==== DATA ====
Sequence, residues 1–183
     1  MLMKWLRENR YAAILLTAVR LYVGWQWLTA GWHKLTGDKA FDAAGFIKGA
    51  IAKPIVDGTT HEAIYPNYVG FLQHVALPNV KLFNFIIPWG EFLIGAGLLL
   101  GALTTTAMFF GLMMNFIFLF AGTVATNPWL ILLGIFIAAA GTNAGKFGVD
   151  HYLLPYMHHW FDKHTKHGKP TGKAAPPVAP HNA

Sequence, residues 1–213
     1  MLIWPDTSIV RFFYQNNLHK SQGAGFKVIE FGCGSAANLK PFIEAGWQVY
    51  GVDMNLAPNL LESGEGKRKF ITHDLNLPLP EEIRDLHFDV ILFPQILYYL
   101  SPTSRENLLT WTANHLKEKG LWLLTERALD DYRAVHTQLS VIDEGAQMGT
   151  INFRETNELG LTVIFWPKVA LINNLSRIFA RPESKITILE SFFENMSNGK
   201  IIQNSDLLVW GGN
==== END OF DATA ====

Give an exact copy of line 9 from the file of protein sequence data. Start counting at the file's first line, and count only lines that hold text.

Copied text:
   101  SPTSRENLLT WTANHLKEKG LWLLTERALD DYRAVHTQLS VIDEGAQMGT